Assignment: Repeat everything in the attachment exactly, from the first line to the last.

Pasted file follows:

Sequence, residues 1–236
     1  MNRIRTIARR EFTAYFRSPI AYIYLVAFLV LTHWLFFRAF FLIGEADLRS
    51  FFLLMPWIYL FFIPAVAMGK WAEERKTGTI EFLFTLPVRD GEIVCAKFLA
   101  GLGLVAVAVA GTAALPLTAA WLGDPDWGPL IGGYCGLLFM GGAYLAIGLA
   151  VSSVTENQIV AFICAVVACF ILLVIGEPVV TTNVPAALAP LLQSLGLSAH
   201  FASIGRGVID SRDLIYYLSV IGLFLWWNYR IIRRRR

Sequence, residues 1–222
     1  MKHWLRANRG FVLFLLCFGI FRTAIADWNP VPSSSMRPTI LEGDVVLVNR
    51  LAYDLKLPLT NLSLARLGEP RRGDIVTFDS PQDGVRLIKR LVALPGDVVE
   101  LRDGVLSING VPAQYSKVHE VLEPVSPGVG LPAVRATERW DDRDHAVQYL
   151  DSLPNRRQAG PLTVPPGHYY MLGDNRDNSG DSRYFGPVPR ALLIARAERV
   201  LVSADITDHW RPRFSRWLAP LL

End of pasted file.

Sequence, residues 1–236
     1  MNRIRTIARR EFTAYFRSPI AYIYLVAFLV LTHWLFFRAF FLIGEADLRS
    51  FFLLMPWIYL FFIPAVAMGK WAEERKTGTI EFLFTLPVRD GEIVCAKFLA
   101  GLGLVAVAVA GTAALPLTAA WLGDPDWGPL IGGYCGLLFM GGAYLAIGLA
   151  VSSVTENQIV AFICAVVACF ILLVIGEPVV TTNVPAALAP LLQSLGLSAH
   201  FASIGRGVID SRDLIYYLSV IGLFLWWNYR IIRRRR

Sequence, residues 1–222
     1  MKHWLRANRG FVLFLLCFGI FRTAIADWNP VPSSSMRPTI LEGDVVLVNR
    51  LAYDLKLPLT NLSLARLGEP RRGDIVTFDS PQDGVRLIKR LVALPGDVVE
   101  LRDGVLSING VPAQYSKVHE VLEPVSPGVG LPAVRATERW DDRDHAVQYL
   151  DSLPNRRQAG PLTVPPGHYY MLGDNRDNSG DSRYFGPVPR ALLIARAERV
   201  LVSADITDHW RPRFSRWLAP LL